When it comes to evidence room storage, there is a lot of stuff to plan for – weapons, stolen property, narcotics, money, biological evidence, and more. The value of this evidence diminishes if it is not properly stored and tracked.
Here are six tips for planning Evidence Room storage:
- Conduct site visits to other police agencies, and learn from their experiences – see what others with similar situations are doing and ask how it’s working for them. A lot can be learned from the successes and failures of others.
- Place evidence lockers so they can be conveniently accessed from within the Report Writing Room – typically evidence is tagged and packaged in a Report Writing Room, so it is beneficial for the evidence lockers to be in there, too.
- Build “pass through” lockers into the common wall between the Report Writing Room and the Property Room– this helps protect the chain of custody of the evidence.
- Avoid standard lockers that have simple “gravity” locks – these types of lockers can be breached, making it easier for the evidence to be tampered with.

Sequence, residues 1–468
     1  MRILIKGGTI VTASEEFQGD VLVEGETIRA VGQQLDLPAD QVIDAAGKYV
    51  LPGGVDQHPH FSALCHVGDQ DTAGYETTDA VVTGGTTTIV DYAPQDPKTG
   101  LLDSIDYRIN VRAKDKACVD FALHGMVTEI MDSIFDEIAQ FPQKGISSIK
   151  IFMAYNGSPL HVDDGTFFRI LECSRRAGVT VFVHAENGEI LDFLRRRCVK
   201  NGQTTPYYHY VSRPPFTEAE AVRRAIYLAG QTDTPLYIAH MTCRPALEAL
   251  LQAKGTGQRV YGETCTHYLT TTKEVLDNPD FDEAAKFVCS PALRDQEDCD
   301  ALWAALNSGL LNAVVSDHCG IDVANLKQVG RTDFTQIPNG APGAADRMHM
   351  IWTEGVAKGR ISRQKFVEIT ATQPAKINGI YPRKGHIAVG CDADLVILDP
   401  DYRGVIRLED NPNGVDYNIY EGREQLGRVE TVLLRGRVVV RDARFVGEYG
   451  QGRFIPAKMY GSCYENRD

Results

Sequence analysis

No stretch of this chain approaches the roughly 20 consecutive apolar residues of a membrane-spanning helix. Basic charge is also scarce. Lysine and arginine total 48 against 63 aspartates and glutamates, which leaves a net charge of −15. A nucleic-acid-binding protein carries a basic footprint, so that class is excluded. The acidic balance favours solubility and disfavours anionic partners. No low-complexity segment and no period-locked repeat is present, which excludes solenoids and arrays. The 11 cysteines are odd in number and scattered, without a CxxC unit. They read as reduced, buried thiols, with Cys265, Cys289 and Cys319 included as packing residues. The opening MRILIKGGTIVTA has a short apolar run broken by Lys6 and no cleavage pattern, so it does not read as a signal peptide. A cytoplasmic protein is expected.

- Vary the size of openings within the evidence lockers – evidence, like most stuff, comes in all shapes and sizes so it is important to have lockers with a variety of compartment sizes.
- Specify a woven wire gate on the property room side of the locker – this improves visibility to see if anything is in the lockers.
This information is based on the article, “Evidence Depository Lockers” by Officer Steve Berdrow of the Burbank Police Department. The article can be found in “The Evidence Log”, a quarterly publication of the IAPE. Jason Konz, from Spacesaver, originally blogged about this topic on their Storage Solved blog, you can read his full post here.
For more information on Evidence Storage check out Spacesaver’s Public Safety Storage Solutions site.